Paul Sigmund, professor emeritus in the politics department, died at the University Medical Center of Princeton at Plainsboro on Sunday from pneumonia, his family confirmed. He was 85.
An expert in medieval political theory, comparative politics and Latin American — particularly Chilean — politics, Sigmund began his career at the University in 1963 and retired in 2005.
During his tenure, he developed his work on Chilean politics into an expertise in liberation theology, particularly in Central America, in the 1980s. He also helped establish the Latin American studies program at the University and served as its director for seven years.
Rubén Gallo, a professor of Spanish and Portuguese languages and cultures and the director of program in Latin American studies, described Sigmund as an “old-fashioned gentleman scholar” who was an active, integral member of the program.
“He was someone who would come to lectures and have very intelligent questions,” he explained. “He was able to go in and make a perfectly composed comment or question. He would try to raise the intellectual level of the discussion. It wasn’t the question of being for or against — it was trying to think of political ideas.”
Gallo said he and Sigmund would often have dinner with the guest speakers of these lectures, calling him “a very smart dinner companion.” In discussing any political topic, he said, Sigmund was elegant and lucid, a “careful thinker and true intellectual.”
John Londregan, professor in the politics department and in the Wilson School, praised Sigmund’s dedication to research in Chilean politics.
“He’s been making research on South America since the early sixties and kept at it right until the end, remaining in contact with the people there,” he said.
Sigmund helped arrange Londregan’s field work in Latin America on military coups by finding a suitable institution and volunteering to search for contacts to make it possible for Londregan to travel to Chile.
Stephen Sigmund, one of Sigmund’s three sons, said his father was someone who loved life and the joy of learning and that his work was his life. Stephen Sigmund also said his father loved going to the beach and traveling, but even his travels were connected to what he was most passionate about: teaching and learning. Paul Sigmund often traveled to Chile.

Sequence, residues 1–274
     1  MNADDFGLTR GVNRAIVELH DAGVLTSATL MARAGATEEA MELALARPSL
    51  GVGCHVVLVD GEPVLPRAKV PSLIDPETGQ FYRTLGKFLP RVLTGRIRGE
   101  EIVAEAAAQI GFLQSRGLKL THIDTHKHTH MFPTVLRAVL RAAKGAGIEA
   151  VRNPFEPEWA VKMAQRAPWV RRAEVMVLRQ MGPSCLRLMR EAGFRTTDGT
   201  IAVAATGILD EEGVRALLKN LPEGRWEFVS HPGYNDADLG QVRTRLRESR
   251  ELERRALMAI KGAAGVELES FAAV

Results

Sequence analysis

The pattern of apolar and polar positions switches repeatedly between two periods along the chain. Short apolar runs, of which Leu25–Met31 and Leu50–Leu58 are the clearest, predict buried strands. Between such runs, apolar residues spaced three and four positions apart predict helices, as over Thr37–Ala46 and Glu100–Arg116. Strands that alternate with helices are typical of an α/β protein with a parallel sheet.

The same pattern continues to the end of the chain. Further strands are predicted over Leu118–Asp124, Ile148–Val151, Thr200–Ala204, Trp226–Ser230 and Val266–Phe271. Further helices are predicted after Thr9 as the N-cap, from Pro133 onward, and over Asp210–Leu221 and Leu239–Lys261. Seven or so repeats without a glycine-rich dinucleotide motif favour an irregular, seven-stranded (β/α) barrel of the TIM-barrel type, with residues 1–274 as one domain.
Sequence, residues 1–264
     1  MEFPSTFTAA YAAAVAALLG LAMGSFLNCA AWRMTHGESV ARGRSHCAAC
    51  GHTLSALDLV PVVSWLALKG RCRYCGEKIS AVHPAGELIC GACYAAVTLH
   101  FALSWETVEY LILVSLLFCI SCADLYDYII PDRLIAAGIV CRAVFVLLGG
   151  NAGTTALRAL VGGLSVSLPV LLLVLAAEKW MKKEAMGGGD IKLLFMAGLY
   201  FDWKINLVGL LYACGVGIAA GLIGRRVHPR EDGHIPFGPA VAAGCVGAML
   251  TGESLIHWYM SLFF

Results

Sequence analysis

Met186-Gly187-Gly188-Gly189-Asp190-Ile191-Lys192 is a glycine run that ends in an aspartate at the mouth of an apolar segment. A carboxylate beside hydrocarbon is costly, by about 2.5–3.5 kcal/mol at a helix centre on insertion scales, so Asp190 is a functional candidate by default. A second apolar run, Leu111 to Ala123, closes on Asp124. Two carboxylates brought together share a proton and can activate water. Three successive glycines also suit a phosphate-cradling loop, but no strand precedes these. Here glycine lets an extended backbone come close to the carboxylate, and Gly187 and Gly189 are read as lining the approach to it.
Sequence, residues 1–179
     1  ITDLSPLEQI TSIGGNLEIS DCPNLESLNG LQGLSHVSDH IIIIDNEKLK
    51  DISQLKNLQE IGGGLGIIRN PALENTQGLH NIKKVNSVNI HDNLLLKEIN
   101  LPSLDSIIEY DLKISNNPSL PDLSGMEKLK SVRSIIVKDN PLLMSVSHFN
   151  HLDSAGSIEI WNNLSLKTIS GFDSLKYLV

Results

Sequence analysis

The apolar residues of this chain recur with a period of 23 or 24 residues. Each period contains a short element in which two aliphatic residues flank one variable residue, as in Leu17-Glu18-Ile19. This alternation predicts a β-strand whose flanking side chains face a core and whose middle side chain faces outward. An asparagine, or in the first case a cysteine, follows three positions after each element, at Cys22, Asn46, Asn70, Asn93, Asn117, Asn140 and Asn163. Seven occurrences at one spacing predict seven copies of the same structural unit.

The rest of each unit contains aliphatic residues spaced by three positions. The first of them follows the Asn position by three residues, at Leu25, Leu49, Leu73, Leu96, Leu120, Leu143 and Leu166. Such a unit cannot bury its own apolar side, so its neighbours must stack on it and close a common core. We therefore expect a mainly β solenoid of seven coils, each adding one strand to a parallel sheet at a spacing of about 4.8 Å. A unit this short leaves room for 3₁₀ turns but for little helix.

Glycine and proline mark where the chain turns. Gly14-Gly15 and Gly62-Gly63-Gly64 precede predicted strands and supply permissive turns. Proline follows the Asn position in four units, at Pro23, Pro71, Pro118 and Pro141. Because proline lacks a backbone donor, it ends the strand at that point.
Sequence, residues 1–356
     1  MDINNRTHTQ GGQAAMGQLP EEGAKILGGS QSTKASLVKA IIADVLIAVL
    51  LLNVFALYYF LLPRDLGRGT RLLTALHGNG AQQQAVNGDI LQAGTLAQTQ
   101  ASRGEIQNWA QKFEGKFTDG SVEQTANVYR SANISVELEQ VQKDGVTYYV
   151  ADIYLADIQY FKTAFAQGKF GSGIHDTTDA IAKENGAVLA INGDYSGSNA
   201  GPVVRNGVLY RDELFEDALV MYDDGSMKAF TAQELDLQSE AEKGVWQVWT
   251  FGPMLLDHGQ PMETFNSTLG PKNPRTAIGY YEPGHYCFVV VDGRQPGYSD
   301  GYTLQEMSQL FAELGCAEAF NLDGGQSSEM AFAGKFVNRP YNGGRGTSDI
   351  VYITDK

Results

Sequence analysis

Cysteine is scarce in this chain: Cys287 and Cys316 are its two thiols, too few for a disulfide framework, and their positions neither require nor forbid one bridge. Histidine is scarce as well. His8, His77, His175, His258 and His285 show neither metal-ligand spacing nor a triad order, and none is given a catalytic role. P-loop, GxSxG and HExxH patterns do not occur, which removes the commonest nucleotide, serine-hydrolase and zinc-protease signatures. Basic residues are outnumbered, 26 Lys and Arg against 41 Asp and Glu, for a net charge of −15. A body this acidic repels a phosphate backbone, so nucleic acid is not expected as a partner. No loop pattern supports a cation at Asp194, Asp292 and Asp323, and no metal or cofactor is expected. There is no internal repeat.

“He was a teacher as a person too,” Stephen Sigmund said. “He was somebody who really wanted to talk to you about interesting things, talk to you about your life and share the learning experience. People walked away from a conversation with him knowing more and feeling better than they did walking into the conversation.”
Gallo, Londregan and Stephen Sigmund all noted that Paul Sigmund most enjoyed the University’s supportive and intellectual community. Stephen Sigmund testified that his father kept in close contact with his students and often hosted dinners.
“He had students and professors living with him on the third floor of our house for 20 years after our mother died because he wanted people to have dinner with and have intellectual conversations with,” Stephen Sigmund explained. “You never walked away from a conversation with him feeling like you were belittled or put down, but rather like you were listened to and heard.”
Sigmund’s wife, Barbara Boggs Sigmund, was mayor of Princeton from the mid-1980s to her death in 1990.
Stephen Sigmund recounted his childhood days during which he went to the University League Nursery School as an example of his father’s love for the campus and the University.
“Every morning my dad would put me on his shoulder and bike me over to the nursery school, go to the office, come back on the bike, pick me up and put me on the shoulder and take me back,” Stephen Sigmund said. “He loved being around the campus and would bring his kid to the University daycare on the bike.”
Born in Westfield, N.J., and raised in Philadelphia, Sigmund graduated summa cum laude from Georgetown University with a bachelor’s degree in 1950. In 1959 he earned his doctorate degree from Harvard University, where he taught for four years before coming to the University.
He also studied at the University of Durham in the United Kingdom on a Fulbright Scholarship, the University of Paris and the University of Cologne.
He was a member of the boards of Georgetown and the Carnegie Council for Ethics in International Affairs as well as the Council on Foreign Relations. Furthermore, he was a fellow at the Woodrow Wilson International Center for Scholars and the Institute for Advanced Study and received fellowships from the National Endowment for the Humanities and the Harry Frank Guggenheim Foundation.
Some of his published works include “Nicholas of Cusa and Medieval Political Thought” and “Natural Law in Political Thought.”
In 2001, he was the first American to receive the Bernardo O’Higgins Order of Merit, awarded by the Chilean government.
He is survived by three sons Paul IV, David and Stephen, two brothers, two sisters and four grandchildren.
Sigmund’s wake is scheduled to take place on May 1 from 6 p.m. to 9 p.m. at Stuart Country Day School. The funeral mass will be held May 2 at 1:30 p.m. in the University Chapel, followed by a reception at Prospect House. He will be buried at Princeton Cemetery.